If you've ever read any Pratchett, I don't need to tell you that you'll enjoy this book.  With his usual wit and vivid writing, he tells the story of Polly.  Polly is a young woman who lives in a war torn country.  Not many people are left to join the army, Polly's brother joined up some time ago and has never returned.  Many of the men who do return, don't come back whole.  It's a real mess and Polly is very worried about her brother.  There's nothing for it but to pretend to be a man and join the army herself.  Remarkably, there's a whole set of new recruits lining up the day she goes to sign up.  It becomes less surprising how there were so many young "men" still around to join pretty soon, though.  If you liked Mulan, you'll love this!  Pratchett does an excellent job of writing female characters with depth and range, too.  It's so refreshing!  

And Then There Were None by Agatha Christie 194 pages

This Agatha Christie title is quite unusual.  For one thing, there is no detective.  It was a one-off.  A group of people are invited to an island for a weekend under different pretexts.  They don't know one another, or their hosts, for that matter.  Upon arrival, they find that their hosts are mysteriously absent, with a message mentioning a delay.  After dinner, a record is placed upon a gramophone, the voice booming out a list of charges against everyone in attendance.  Every one of them in the group is accused of murder in one form or another.  Then a dangerous game begins as one after another is mysteriously killed.  At first, it is suspected to be an accident or suicide, but soon enough, they realize they are sharing the island with a ruthless killer, bent on meting out a sort of revenge or justice against them all.  This book ends significantly differently from the movie and in many ways is more satisfying for it.  It is amazing how many other movies and books have used this set up.  I highly recommend it.  I listened to it on audio read by Hugh Fraser, who always does such a great job with Christie titles.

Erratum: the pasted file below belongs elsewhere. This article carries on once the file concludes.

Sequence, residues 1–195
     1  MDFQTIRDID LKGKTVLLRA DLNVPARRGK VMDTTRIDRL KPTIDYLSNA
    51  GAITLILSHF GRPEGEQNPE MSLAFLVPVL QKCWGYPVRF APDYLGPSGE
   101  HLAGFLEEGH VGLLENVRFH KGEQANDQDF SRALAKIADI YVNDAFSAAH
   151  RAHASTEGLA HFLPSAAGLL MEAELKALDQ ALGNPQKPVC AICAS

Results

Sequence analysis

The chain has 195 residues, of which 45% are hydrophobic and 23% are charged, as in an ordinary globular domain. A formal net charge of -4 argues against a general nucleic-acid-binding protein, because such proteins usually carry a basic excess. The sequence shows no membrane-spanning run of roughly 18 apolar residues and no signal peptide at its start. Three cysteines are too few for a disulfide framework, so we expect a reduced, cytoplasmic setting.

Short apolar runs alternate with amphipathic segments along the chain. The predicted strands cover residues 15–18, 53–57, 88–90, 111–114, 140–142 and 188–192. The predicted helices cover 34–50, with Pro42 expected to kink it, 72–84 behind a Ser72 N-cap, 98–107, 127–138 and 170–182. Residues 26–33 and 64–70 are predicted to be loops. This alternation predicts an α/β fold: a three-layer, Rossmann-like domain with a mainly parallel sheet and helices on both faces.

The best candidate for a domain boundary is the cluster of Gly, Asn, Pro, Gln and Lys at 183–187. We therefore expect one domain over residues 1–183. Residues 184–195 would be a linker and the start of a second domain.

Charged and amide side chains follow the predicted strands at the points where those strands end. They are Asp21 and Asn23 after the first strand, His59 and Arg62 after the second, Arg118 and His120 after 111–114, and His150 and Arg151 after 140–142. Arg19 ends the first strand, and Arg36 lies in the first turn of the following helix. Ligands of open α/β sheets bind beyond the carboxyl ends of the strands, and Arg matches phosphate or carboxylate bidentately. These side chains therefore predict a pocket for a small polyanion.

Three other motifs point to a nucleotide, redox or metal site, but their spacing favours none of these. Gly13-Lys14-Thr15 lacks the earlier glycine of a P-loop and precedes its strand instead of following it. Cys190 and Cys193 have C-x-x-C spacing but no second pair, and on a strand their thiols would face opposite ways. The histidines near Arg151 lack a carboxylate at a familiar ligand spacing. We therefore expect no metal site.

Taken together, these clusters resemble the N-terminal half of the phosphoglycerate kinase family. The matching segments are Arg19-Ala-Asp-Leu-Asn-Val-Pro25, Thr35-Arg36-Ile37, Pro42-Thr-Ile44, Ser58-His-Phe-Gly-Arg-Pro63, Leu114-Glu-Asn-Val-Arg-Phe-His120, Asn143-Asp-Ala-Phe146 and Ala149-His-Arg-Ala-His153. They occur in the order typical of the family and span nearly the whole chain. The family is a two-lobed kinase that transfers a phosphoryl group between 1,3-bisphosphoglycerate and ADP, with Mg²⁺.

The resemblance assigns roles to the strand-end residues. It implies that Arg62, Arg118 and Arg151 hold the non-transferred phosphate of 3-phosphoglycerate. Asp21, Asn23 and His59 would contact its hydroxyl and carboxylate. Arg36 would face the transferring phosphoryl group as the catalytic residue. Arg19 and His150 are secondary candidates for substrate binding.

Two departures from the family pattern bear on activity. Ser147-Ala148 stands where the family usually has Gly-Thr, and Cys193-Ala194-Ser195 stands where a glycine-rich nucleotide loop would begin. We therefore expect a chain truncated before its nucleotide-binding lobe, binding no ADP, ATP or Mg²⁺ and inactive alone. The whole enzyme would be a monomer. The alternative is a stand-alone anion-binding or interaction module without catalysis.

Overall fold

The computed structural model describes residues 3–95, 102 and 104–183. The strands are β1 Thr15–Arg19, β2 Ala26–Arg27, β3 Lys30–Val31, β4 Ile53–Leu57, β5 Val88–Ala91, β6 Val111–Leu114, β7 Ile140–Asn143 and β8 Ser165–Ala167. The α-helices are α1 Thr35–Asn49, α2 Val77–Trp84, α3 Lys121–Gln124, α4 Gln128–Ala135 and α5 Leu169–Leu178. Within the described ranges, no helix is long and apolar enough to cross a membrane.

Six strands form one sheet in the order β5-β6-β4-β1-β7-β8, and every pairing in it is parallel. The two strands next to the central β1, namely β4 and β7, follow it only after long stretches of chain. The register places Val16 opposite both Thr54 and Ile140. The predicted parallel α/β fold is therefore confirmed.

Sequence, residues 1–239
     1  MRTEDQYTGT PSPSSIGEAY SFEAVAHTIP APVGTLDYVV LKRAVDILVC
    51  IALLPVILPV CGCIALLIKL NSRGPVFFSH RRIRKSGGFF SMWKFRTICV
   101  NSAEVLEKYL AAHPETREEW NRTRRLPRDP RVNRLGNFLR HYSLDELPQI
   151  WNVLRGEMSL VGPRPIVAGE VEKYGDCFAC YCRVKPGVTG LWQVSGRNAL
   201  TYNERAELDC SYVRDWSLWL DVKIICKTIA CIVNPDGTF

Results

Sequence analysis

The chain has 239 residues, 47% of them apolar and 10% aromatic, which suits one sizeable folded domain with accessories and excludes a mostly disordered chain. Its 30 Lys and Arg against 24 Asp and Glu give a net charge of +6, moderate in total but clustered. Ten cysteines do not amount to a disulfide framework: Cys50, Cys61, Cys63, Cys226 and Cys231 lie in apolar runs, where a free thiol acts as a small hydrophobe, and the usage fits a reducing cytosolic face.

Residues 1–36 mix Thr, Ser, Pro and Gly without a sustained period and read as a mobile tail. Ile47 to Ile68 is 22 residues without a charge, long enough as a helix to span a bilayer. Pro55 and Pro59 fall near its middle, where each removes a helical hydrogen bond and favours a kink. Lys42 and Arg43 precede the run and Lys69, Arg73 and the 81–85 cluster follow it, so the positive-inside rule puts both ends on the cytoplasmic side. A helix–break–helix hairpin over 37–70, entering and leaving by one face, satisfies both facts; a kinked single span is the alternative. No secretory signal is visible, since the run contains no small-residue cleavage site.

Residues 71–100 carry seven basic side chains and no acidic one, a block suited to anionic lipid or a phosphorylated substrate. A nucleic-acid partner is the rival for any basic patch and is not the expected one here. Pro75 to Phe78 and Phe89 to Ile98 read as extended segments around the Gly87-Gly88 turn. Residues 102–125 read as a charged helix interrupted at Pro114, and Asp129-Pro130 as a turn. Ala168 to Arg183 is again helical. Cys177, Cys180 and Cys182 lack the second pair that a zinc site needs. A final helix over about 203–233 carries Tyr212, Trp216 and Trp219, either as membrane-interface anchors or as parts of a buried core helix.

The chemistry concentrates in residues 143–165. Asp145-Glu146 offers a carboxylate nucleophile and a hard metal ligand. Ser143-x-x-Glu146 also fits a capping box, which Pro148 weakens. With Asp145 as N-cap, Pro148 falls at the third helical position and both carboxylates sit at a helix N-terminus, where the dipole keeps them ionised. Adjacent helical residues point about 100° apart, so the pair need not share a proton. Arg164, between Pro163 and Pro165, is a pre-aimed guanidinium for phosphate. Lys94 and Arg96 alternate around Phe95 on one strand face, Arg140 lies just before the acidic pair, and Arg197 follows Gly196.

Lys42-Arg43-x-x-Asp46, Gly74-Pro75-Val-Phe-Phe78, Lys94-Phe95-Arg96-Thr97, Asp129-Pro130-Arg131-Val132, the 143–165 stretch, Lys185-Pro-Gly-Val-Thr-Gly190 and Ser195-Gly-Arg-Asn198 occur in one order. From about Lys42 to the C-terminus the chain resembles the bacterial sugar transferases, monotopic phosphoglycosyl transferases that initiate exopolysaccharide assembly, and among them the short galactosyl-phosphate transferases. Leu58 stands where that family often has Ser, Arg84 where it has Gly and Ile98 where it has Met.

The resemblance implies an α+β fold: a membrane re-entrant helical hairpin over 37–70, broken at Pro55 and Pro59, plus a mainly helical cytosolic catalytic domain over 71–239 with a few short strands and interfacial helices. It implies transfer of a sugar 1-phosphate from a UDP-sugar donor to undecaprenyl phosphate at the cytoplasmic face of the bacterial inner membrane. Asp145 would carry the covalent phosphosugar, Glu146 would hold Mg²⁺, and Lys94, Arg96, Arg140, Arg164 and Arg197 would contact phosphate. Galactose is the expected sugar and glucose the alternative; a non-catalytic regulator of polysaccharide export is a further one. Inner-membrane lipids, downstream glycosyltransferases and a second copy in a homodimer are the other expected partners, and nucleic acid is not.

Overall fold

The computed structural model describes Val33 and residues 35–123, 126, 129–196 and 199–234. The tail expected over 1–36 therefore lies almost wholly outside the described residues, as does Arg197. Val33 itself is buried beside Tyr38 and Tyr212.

Evil Under the Sun by Agatha Christie 220 pages

I listened to this classic read by the ever exceptional David Suchet.  Poirot is staying on an island for holiday.  Of course a range of characters abound, dropping hints and suggestions all along.  In this story, the lovely victim is envied by many, reviled by more and there is no shortage to suspects.  Rest assured, the incomparable Hercule Poirot will be able to sort it out, using only his little grey cells.

Coraline by Neil Gaiman 162 pages

In preparation for a cosplay of Other Mother, I listened to Coraline read by Neil Gaiman.  What a treat!  Coraline is an average girl, she enjoys wandering around outside and watching nature, she likes exploring inside, too.  In her new home, she finds a door that covers a brick wall, but is always locked.  Not one to leave a mystery unchecked...and hearing mysterious noises from beyond the door, she steals the key and opens the door.  The brick wall is gone, replaced by a hallway, incredibly old and pulsing with magic.  This hall leads to her "other" home, with her other mother, and other father and other neighbors and other resident animals.  Nothing is quite the same, some is quite distressing and all Coraline wants is to return to her real mother and father.  Other Mother won't hear of such nonsense and punishes Coraline.  In her temporary prison, she discovers ghosts of other children.  Coraline is determined to not only return home, but to rescue the ghost children and her parents all at once.  I highly recommend this story. It's just creepy enough and I love listening to Neil Gaiman read his own stuff.  By the way, the cosplay turned out great!

The Fix by David Baldacci, 432 pages

"The Fix" is book #3 in Baldacci's Amos Decker series.  Amos and his FBI crew are back.  This time, instead of working on a cold case, they work to solve a murder that happened right in front of Amos.  The team ends up in an uneasy alliance with an agent from the Defense Intelligence Agency as they all work together to solve the crime, or do they?